Friday, 23 September 2011

Mini update

1.      My new walking boots are great. My feet have almost stopped hurting.

2.      Ellie is a year and a quarter now. When we took her to the vet for her yearly booster injection, the vet complimented us on her behaviour. A lot of dogs with her mixture of breeds (springer spaniel and collie) turn into problem dogs, apparently. I wasn’t sure whether to be depressed or pleased.

3.      I am suffering from a strange complaint. For the last four weeks my lips have been cracking, peeling and bleeding. Sometimes they swell as if with collagen implants gone wrong. (Frog, bless him, says he can’t see any difference from normal.) In desperation I went to the doctor and, as usual when they hear I’m almost vegan, she wanted to do a blood test to check for my iron levels. Results on Monday.

4.      I have plunged into Second Draft of Novel and am quite pleased with how it’s shaping up (at the moment, today, touch wood, fingers crossed). Hence the sketchiness of this post and my recent silence.

Ellie in clover

Monday, 19 September 2011


So sad, lump in my solar plexus. Want to cry.
What is it?
Feel alone. Lost.

Unsure about writing.
Unsure about dog.


Not think.
Chance to feel.

. . .

Such beautiful stillness today.

I love my blogging friends.

Be kind to myself.

I don’t have to do anything except put one foot in front of the other.

Help is there.

I don’t have to be in charge of everything.

One word in front of the other.

Be myself.


I feel connected again

A breeze touches my cheeks

A bird above me sings

Thank you God
Thank you.

A crow laughs at me

It will all get sorted

I want some scrambled eggs and a soya-milk cappuccino

One step at a time

Burow Mump, Somerset

Thursday, 15 September 2011

24 hours

Today is Ellie’s day at the dogminder and my day off – my chance to have an ‘artist’s date’. (I’m not a proper artist of course, even though Frog insists I am, but it’s what I’ve always wanted to be and if I have enough dates, perhaps I’ll turn into one one day.) I have three choices of what to do. I could go and see Nina’s exhibition ( ), I could browse round clothes shops in Exeter, or I could do some writing for The Novel.
    The third choice is what I really want - or perhaps need - to do, I think, but it fills me with terror. What if I can’t do it? I’ll end up feeling even worse than I do already, not-writing. I can’t find out where Nina’s exhibition is, so I decide to try and do (no, not ‘try’, ‘do’, as Obi Wan Kenobi says in Star Wars) some writing for The Novel.
    As I head for a private corner of the next field but one (I have to be outside for first drafts. It’s the only place I feel free, or relatively so anyway) I see two magpies. An auspicious sign! I’m going to do it!
    I sit down, open my notebook and plunge in. An hour or so later I have ten pages, the last chapter of the rough, very rough First Draft of Novel. Hooray! I ring Frog to celebrate and to sort of get his permission to go into Exeter. ‘Have a good browse,’ he says. How kind.
    I don’t enjoy my browse. Winter clothes are so boring – expensive, sensible and grey. I go to the library instead and then to Waterstone’s where I treat myself to a copy of One Day which everyone is talking about and which Frog’s niece was reading when she came to stay two weeks ago. (I looked it up on the library computer and it had 49 reservations, so no chance of getting it there. My excuse for spending money.)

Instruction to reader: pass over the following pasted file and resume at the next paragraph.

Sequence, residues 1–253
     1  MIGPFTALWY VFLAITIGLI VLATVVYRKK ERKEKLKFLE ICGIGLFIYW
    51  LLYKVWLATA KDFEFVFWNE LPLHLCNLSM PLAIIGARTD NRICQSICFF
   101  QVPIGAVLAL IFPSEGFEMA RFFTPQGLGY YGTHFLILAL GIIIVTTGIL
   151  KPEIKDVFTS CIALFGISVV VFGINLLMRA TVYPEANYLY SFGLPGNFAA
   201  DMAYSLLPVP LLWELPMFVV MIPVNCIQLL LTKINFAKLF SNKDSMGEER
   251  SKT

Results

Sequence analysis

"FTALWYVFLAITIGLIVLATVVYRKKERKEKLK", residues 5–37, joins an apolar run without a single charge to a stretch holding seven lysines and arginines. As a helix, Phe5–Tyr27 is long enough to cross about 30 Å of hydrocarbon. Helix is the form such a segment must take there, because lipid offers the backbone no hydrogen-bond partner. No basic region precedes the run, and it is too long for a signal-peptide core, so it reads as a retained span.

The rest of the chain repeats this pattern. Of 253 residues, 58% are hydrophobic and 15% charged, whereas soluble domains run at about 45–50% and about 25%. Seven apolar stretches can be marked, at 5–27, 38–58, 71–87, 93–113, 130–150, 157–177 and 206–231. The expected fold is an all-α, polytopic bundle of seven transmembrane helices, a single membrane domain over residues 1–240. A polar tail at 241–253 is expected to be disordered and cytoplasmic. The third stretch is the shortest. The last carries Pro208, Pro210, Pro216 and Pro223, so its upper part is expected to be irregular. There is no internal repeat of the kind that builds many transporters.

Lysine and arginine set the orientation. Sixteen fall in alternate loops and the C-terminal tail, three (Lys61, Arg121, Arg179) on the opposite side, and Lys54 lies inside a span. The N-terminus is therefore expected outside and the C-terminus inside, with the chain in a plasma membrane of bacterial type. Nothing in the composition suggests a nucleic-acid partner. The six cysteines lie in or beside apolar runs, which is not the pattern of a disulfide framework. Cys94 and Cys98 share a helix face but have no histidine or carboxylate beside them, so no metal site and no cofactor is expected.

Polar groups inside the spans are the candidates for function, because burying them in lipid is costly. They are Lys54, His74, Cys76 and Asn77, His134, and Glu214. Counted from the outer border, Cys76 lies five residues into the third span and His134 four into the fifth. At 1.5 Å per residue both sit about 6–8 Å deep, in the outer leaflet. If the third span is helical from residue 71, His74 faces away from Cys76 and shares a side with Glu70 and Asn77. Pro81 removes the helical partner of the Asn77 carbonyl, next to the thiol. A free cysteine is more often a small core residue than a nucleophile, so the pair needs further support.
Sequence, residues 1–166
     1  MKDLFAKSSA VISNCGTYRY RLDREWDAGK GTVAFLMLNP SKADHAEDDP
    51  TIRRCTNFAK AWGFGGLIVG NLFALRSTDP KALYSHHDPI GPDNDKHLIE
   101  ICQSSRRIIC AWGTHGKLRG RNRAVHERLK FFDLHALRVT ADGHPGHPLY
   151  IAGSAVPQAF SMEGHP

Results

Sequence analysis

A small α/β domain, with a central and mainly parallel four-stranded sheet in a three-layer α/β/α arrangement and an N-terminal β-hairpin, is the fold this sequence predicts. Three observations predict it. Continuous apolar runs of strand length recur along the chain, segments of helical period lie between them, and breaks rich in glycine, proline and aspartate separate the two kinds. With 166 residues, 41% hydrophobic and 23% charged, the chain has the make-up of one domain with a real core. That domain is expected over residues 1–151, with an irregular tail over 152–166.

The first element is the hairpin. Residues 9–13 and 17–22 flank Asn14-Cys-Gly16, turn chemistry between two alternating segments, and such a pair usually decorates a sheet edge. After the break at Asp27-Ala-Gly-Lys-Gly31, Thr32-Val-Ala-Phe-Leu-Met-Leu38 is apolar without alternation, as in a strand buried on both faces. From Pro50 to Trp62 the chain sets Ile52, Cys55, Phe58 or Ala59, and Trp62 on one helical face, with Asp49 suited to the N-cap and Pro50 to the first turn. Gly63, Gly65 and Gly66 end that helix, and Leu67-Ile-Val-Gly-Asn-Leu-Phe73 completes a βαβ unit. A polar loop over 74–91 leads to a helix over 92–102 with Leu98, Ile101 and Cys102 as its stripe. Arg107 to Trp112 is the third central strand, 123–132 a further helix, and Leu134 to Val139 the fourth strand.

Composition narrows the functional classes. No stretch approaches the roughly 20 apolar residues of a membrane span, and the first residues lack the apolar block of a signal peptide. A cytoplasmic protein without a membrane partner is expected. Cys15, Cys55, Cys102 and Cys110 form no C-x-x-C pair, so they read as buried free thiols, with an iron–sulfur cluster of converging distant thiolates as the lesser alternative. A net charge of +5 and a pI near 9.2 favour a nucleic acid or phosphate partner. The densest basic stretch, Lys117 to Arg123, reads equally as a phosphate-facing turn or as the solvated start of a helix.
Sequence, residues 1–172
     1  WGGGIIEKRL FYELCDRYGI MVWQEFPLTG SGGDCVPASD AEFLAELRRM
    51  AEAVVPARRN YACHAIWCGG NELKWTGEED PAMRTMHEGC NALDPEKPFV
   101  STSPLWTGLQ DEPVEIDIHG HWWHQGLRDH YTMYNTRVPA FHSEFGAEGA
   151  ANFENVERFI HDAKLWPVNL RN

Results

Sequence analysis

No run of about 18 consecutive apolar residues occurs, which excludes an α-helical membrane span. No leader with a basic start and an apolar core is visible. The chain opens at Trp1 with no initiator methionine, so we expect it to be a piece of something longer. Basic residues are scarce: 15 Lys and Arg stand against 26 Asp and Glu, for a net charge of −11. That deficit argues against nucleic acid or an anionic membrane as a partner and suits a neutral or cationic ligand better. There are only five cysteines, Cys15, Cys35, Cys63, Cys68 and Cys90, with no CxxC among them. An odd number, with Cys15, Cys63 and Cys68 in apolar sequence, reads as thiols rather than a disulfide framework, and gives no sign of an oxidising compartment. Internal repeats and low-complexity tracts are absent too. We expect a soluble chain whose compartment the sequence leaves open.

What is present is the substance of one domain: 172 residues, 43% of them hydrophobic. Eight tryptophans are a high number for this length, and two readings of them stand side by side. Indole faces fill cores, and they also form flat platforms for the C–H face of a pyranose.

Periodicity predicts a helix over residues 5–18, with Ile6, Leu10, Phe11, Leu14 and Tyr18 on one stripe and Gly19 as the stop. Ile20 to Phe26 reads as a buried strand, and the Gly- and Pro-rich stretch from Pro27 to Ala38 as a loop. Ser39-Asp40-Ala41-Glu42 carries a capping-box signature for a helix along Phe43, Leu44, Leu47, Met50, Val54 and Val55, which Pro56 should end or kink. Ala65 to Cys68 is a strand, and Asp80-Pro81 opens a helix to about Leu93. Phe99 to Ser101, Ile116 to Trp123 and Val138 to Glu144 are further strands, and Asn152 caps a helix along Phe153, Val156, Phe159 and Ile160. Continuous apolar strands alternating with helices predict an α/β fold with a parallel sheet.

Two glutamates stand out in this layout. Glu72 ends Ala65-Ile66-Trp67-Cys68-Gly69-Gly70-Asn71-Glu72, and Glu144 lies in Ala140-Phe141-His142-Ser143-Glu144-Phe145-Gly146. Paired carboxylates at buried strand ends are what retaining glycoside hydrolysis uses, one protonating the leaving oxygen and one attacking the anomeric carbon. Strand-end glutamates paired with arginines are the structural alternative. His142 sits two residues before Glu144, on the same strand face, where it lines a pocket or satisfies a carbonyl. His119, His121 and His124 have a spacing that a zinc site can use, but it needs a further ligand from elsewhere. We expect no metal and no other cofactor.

I come home and lie in the garden. The sun is out and it’s almost warm. I deliberately don’t read and instead let my mind run over what I’ve done so far for The Novel and where I might go next. I feel guilty lying doing nothing (what don’t I feel guilty about? Frog would say) but then I realise that I am doing something. Writers are working even when it looks as if they’re just lying in the sun in the garden.
    Aren't they?
    We have a small swimming-pool in the garden (Yes, I know, disgusting isn’t it, and another thing to feel guilty about, but the man we bought the house from thirty years ago had MS and had it built because swimming was the only exercise he could do so who are we to complain) so I plunge in and feel wonderfully refreshed. All the makeup I put on to go into Exeter is smeared – I have mascara all over my cheeks – and my hair is a disaster. I feel like me again, instead of somebody smart and normal.
    Dog is delivered home and then she and I hear Frog’s distinctive car-hoot and run to the gate to greet him. He swims while I cook supper.
    I have some chilli ratatouille left over from the day before yesterday and some cooked runner beans from yesterday, so I fry up some onion and then add the left-overs and some beaten egg to make a sort of Spanish omelette. Frog eats it with relish, as he does almost everything. He is a delight to cook for.
    Neither of us can see anything whatsoever that we want to watch on television, so I wipe off the smudged mascara and squash my hair and drive into the village to look for a DVD and to get our weekly chocolate ration. (Frog by now is in a caftan, so can’t be seen in public, he says. I’m not sure why not.)
    I find 127 hours about the man who got stuck in a canyon and had to cut off his own arm to escape. It’s actually quite gripping and not just an adventure story, as he reviews his life while he’s there. Interesting. My novel is set over a short space of time too. Perhaps I need a stronger plot angle/gimmick/premise. 
    I eat my chocolate ration in one go while Frog nibbles a tiny bit of his and leaves the rest to eat throughout the week. That’s what we always do. He has to have chocolate I don't like so that I don't steal his when mine is all gone.
    I sleep badly, waking every two hours. In between waking, I’m half-awake, half-asleep. My sleep goes in cycles, like my migraines. It’s tiring. I should be able to relax after getting to the end of The First Draft, but now I’m worrying about whether I can do the rest. In some ways writing books is hell, but not-writing them is even worse. The trouble, I think, is that I don’t have enough experience. I don’t have the confidence that I can do it. But maybe all writers feel like that. You have to, if you’re not going to churn out the same thing over and over.
    We wake to a glorious day but before I walk Dog I succumb to temptation (leaving her whining in the kitchen), switch my computer on and read some of the new blog I’ve discovered, ‘What’s cooking?’ ( ). The author writes of her days in minute poetic detail. I wonder if I should try that myself.
    So I do. And here it is. My day, in minute detail. But not poetic, I think. I need more practice. Or maybe I should just saw off my leg to make it more gripping instead.

Monday, 12 September 2011

Along the lanes of Devon

One of my nieces, who lived in London but came to Devon on holiday with her family, thought that Devon was where you went when you died. She had confused the words ‘Devon’ and ‘heaven’.
    Other people look on the countryside as a litter bin.

These photographs were all taken along the lanes near where I live. One walk. A normal day.

Last week when I was waiting in the building society I picked up the local paper and read about a cow which had died after swallowing a discarded crisp packet. They go for the salt apparently.

This morning